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Eurasia Review: Sudan: PResident Al-Bashir Ousted, Detained, Army Seizes Power

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(RFE/RL) — Sudanese President Omar al-Bashir has been ousted and arrested following nearly four months of protests against his 30-year rule, the defense minister says.

Speaking on state television on April 11, Awad Ibn Ouf said that Bashir had been detained “in a safe place” and that a military council will oversee a two-year transitional period followed by elections.

The announcement came as tens of thousands of people marched through the capital, Khartoum, some shouting that the “regime has fallen.”

Reports said that troops had deployed at key sites in the city, and raided Bashir’s Islamic movement, which is linked to the ruling party.

Protests against Bashir, who took power in a coup in 1989, have been under way since December.

They were originally sparked by price hikes and cash shortages, but they quickly turned into rallies against Bashir’s rule.

In Moscow, Russian President Vladimir Putin’s spokesman Dmitry Peskov called for calm in Sudan and expressed hope that “whatever the outcome, Russian-Sudanese relations” will be a priority for Khartoum.

Russia’s Foreign Ministry said in January that “representatives of Russian private security companies, who have nothing to do with Russian state bodies, are operating” in the African country.

The “task” of the private security firms “is limited to training staff for the military and law enforcement agencies of the Republic of Sudan,” said ministry spokeswoman Maria Zakharova.

She made the comments after a story in the British press alleged that Russian mercenaries were helping Sudanese authorities crack down on the country’s mass street demonstrations.

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Eurasia Review: Iran: MPs Propose Motion To Ditch US Dollar In Foreign, Domestic Trade

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A number of Iranian lawmakers have put forward a motion to completely remove the US dollar from the transactions made in foreign and domestic trade.

According to the motion, which has been received by the presiding
board of the parliament, any public or private transaction in US dollar
would be prohibited.

The law would be enforceable 60 days after being passed, according to the motion.

“Holders
of the (US) dollar have a deadline to convert their dollars into
commodities and rials or other currencies until the date of the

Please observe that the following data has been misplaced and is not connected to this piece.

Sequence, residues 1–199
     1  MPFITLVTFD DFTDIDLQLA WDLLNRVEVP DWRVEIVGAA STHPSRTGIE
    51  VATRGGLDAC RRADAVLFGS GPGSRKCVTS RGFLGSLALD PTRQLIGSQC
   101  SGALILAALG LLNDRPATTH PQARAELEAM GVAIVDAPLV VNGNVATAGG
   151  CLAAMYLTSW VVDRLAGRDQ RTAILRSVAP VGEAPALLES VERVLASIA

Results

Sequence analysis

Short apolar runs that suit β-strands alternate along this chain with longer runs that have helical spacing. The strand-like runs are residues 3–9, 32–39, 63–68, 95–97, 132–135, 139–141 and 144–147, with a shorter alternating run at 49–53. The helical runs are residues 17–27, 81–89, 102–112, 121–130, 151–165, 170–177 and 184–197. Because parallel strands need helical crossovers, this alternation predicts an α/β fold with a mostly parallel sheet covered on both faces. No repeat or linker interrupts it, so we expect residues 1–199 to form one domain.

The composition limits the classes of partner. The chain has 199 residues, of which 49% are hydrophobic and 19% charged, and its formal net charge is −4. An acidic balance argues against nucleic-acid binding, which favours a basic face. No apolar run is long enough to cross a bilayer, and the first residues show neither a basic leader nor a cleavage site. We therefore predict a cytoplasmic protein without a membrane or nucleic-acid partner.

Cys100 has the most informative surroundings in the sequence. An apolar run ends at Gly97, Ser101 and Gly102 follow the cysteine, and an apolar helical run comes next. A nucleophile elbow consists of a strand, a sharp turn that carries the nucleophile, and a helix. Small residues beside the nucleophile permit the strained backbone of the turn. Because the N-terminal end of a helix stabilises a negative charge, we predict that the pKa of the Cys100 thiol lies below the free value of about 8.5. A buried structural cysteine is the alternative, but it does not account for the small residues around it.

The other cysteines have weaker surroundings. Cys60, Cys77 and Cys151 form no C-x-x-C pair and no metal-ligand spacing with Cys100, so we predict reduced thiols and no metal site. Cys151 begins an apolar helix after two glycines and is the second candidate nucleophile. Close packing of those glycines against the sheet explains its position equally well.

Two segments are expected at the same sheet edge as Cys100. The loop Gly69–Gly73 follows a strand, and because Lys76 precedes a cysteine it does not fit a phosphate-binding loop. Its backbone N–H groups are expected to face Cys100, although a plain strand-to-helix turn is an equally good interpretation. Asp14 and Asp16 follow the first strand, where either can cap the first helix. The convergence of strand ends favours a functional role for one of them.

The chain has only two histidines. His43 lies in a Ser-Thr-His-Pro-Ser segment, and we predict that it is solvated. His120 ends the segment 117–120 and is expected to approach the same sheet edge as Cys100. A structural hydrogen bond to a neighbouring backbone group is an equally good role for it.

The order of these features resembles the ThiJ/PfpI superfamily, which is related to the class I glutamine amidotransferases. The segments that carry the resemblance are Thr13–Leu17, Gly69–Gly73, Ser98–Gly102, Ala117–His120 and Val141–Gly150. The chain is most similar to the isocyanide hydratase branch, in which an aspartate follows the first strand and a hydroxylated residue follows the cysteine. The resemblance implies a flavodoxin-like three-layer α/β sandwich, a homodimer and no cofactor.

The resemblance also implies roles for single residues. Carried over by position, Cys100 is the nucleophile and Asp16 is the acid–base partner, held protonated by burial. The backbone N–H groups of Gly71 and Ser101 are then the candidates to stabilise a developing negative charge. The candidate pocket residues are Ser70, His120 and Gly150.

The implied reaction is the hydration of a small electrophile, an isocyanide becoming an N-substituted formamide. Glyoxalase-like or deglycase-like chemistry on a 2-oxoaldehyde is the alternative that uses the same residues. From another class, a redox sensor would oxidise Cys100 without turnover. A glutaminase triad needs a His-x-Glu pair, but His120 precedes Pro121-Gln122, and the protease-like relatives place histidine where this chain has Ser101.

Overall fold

implementation of this law,” the motion says.

Last April, the Iranian cabinet approved a plan to replace the US dollar with euro in reporting foreign currency amounts.

Foreign
currency values began to rise in Iran after the US withdrew from the
2015 Iran nuclear deal in May 2018 and announced plans for a fresh wave
of sanctions against the Islamic Republic.

There was growing
demand for dollars among ordinary Iranians, who feared more plunge in
the value of their assets and growing price of goods, even those not
imported from abroad.

But the country soon took measures to arrest the national currency’s downward spiral.

Rial
began to bounce back against US dollar later in the year after the
Central Bank of Iran (CBI) unveiled a new package of regulations on
foreign currency trade which lifted a ban on the activity of money
exchange market

Eurasia Review


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Eurasia Review: Former Obama Lawyer Tied To Manafort Indicted For Ukraine Lobbying Violations

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Former Barack Obama White House counsel Gregory Craig has been indicted for lying to investigators over his lobbying work in Ukraine in partnership with former Donald Trump campaign manager Paul Manafort.

Craig became chief White House counsel at the start of President Obama’s first term, but left in 2010 to work as a lobbyist. According to Thursday’s indictment, Craig made false statements to the Justice Department’s Foreign Agents Registration Act (FARA) unit, regarding lobbying work he did for the Ukrainian government against former PM Yulia Tymoshenko in 2012.

Craig was at one time reportedly investigated by Special Counsel
Robert Mueller’s ‘Russiagate’ probe, before his case was passed on to
the Southern District of New York and then prosecutors in Washington.